The screenshot above shows gtkwave being used to help design the bus_arb device. I used TDD (Test Driven Development) as much as possible during the development process. I have learned from software development that TDD is a much better way of working. I now try to build a testbed for each module and validate it during the development phase. You can run all the testbeds with :

make tb

The ibus_read device is needed to allow Flash data to be read from the data bus. During cstart, the initialised data segment is copied from the Flash into the RAM. This is done with the following assembler in start.s :

# Copy initialised data from flash to RAM
# ibus_read device is mapped to 0x70000000

# Write the address to flash bridge dev
li a0, 0x70000000 
la a1, _sidata # start of .data section in ROM
sw a1, 0(a0)

la a2, _sdata # start of .data section in RAM
la a3, _edata # end of .data section in RAM
bge a2, a3, end_init_data
# read data from ROM. Addr is incremented in h/w.
lw a1, 0(a0)
# save in RAM
sw a1, 0(a2)
addi a2, a2, 4
blt a2, a3, loop_init_data


The ibus_read device increments the bus address by 4 for every read, so you only need to set the start address, in this case the beginning of the .data section in Flash, _sidata. This is copied to _sdata in RAM until all the .data section is copied.

The address locations are defined in the linker file,, which I based heavily on Claire Wolf's picosoc linker file.

I changed the gcc settings from Claire Wolf's Makefile. The first and most important thing was the machine architecture. The picosoc is a rv32ic, but SERV is an rv32i. The picosoc runs compressed (less than 32-bit long) instructions. SERV does not. It needs every processor instruction to be 32-bits long.

I removed -nostdlib and added -nostartfiles. This allows stdlib functions (eg. math functions like divide and multiply), as well as the memory management functions, malloc() and free(). The sbrk() code can be added like this :

     *  _sbrk() is used by malloc() to alloc heap memory.

// Memory locations defined in the linker config.
extern "C" uint32_t _sheap, _eheap;

extern "C" void *_sbrk(intptr_t increment)
    static void *heap = (void*) & _sheap;

    void *base = heap;

    void *next = & ((char *) base)[increment];

    if (next >= (void*) & _eheap)
        errno = ENOMEM;
        return (void*) -1;

    heap = next;
    return base;

It shows how you can refer to linker defined variables. I added extern "C" as I am compiling with g++ rather than gcc. Providing sbrk() allows the stdlib versions of malloc() and free() to work.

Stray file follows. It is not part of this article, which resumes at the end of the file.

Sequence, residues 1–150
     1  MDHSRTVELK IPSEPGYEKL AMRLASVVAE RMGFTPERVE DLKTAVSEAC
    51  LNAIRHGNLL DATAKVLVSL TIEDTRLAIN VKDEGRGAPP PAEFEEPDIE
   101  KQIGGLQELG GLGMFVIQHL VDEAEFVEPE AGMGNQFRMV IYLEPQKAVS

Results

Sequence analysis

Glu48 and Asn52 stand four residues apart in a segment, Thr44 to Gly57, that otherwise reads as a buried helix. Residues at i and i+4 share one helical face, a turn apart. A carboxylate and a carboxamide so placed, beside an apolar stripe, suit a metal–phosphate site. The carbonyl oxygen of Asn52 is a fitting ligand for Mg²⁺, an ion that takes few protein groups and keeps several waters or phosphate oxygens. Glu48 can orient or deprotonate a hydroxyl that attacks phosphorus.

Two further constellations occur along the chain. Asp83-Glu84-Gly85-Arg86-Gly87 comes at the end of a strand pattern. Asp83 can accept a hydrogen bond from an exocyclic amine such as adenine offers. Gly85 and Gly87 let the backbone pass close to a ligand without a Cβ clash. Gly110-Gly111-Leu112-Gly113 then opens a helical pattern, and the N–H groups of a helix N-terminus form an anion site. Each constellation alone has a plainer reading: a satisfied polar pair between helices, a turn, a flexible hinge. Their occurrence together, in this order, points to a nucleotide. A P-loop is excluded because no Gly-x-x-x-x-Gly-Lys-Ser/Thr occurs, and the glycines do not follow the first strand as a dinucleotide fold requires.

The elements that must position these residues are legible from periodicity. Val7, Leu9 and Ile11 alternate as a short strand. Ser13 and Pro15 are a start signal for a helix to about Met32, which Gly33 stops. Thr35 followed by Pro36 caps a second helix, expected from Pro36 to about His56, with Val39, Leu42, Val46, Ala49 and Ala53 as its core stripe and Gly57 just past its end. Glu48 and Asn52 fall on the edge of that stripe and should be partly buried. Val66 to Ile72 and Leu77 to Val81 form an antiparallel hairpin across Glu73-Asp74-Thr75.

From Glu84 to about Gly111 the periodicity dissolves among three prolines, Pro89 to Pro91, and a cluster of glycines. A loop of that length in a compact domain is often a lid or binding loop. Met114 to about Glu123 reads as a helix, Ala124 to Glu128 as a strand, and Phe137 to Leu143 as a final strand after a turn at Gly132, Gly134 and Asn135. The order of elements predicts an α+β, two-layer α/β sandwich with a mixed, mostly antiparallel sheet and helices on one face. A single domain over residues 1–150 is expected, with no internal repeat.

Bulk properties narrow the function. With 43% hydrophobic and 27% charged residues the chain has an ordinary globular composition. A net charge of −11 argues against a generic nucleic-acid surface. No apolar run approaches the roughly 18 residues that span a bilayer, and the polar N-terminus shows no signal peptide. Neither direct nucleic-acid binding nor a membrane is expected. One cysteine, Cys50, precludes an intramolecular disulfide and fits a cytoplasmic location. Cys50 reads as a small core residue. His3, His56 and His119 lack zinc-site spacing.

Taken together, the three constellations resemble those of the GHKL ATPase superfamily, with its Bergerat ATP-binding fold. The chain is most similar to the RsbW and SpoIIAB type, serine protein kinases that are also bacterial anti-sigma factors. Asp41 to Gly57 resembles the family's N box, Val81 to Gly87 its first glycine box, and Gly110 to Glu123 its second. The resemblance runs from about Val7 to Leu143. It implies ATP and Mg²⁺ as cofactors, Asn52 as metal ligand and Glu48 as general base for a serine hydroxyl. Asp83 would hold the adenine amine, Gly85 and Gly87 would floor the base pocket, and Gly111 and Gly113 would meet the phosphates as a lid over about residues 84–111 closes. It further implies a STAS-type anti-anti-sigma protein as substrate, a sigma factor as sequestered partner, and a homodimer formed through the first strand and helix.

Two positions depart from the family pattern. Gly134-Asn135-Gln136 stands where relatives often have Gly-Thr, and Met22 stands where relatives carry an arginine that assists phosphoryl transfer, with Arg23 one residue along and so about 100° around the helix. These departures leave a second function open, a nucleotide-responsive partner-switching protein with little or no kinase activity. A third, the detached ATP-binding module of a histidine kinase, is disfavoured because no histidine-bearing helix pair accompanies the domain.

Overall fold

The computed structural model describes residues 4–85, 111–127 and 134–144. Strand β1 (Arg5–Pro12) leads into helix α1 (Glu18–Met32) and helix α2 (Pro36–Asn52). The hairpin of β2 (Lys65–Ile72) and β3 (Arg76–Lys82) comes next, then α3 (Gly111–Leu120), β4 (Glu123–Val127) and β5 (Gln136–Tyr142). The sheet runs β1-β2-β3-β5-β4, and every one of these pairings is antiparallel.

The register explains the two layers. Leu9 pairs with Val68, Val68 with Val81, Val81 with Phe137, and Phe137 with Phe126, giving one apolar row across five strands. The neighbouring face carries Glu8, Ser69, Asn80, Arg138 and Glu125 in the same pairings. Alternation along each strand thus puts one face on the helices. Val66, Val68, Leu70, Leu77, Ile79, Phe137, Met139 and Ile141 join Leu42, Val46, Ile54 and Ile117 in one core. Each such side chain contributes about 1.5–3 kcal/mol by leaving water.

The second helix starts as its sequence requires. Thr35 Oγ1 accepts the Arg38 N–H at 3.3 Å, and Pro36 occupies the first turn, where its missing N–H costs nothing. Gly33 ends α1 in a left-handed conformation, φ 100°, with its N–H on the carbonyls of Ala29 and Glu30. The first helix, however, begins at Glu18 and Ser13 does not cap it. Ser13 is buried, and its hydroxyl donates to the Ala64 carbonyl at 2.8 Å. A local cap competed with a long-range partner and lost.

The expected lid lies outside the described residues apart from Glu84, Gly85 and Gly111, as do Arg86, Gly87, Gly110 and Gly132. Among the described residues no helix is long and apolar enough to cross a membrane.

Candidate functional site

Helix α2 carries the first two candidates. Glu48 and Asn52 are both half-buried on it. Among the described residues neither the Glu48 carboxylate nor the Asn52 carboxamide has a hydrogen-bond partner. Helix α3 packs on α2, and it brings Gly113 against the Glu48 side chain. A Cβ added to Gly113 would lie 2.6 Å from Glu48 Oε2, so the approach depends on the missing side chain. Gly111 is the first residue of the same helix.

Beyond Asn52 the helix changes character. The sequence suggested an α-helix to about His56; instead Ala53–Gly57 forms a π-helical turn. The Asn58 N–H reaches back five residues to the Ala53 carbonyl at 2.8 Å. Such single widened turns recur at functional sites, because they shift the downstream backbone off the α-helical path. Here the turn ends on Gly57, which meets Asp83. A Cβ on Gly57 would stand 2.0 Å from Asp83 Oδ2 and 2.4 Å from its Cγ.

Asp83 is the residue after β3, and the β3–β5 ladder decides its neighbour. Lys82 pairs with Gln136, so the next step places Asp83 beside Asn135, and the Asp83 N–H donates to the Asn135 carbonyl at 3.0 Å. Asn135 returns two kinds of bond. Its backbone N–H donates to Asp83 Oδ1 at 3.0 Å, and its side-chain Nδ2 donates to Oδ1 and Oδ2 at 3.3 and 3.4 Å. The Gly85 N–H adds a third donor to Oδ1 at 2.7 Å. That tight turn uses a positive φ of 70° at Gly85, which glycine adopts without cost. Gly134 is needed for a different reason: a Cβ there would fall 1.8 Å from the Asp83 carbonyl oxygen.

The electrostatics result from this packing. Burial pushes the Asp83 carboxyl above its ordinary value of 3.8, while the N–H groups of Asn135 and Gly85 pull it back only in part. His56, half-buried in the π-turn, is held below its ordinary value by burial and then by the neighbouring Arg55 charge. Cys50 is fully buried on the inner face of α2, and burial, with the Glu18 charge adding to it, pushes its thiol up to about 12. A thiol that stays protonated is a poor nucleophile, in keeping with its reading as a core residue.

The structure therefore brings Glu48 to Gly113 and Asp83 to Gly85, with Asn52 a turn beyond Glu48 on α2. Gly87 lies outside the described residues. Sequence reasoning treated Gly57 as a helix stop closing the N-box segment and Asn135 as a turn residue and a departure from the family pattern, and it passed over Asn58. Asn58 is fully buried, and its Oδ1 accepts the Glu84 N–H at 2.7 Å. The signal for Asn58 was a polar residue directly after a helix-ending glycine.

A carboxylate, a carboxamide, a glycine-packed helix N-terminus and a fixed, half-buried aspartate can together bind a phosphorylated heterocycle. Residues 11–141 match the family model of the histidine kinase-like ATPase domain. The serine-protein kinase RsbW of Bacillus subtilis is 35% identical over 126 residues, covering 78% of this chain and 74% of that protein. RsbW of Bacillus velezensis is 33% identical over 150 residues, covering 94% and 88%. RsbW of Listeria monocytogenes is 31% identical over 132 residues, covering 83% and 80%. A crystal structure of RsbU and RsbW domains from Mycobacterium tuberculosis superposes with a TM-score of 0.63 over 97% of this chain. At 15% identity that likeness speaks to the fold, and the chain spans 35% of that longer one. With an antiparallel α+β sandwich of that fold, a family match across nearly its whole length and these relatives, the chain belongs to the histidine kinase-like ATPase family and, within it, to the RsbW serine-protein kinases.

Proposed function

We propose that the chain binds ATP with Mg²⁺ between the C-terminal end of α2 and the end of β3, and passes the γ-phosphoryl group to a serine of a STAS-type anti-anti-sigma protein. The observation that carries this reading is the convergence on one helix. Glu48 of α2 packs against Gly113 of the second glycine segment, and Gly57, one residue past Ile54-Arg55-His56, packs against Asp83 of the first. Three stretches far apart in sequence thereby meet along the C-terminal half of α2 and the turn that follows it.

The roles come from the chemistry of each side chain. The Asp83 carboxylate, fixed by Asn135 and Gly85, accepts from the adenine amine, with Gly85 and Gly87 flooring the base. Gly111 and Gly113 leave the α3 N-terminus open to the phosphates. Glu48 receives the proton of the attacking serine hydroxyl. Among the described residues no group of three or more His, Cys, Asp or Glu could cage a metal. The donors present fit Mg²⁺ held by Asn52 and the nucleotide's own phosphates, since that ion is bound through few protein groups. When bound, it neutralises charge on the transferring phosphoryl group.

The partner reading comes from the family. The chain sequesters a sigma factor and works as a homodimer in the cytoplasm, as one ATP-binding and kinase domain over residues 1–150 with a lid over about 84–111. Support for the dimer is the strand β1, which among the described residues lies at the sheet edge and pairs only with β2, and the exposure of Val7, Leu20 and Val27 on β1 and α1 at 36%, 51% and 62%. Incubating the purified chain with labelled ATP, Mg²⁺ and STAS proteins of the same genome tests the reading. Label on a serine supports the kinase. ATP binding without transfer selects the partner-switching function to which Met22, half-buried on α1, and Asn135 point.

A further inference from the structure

I set the optimisation level to -O1. This results in some impressive improvements in code efficiency, but I did run into some problems with accesses to memory mapped devices being removed by the optimiser. It is always worth looking at the assembler output if you are getting strange results.

More on using gcc in Bruno Levy's notes on Software and compilers for RISC-V

Booting the device gives the following output :

  ____  _____ ______     __  ____  _            __     __
 / ___|| ____|  _ \ \   / / |  _ \(_)___  ___   \ \   / /
 \___ \|  _| | |_) \ \ / /  | |_) | / __|/ __|___\ \ / /
  ___) | |___|  _ < \ V /   |  _ <| \__ \ (_|_____\ V /
 |____/|_____|_| \_\ \_/    |_| \_\_|___/\___|     \_/

The World's smallest RISC-V CPU. Using Bit-serial Architecture.

RAM 131072 bytes

Program : addr 0x100000 size 0x0006ac
Data    : addr 0x000000 size 0x00062c
Heap    : addr 0x000630 size 0x01f000
Stack   : addr 0x01f000 size 0x001000

I used figlet to generate the banner.

I started this project during lockdown 2020. I wanted to learn Verilog, which I'd looked at before, but never had the chance to learn it or use it properly. I bought an Icebreaker board and downloaded the excellent open source dev tools. I started working on a DSP audio processor, for a project I've been thinking about for a long time (more on this soon I hope). In the process I have learned Verilog, which I like very much, gained a better understanding of the RISC-V processor, and had fun building a custom SoC.

I'd like to thank Olof Kindgren and Claire Wolf for their amazing work. The availability of open source CPU cores opens up a whole world of possibilities for anyone doing FPGA development. Reading their code and using their work has been both educational and inspirational.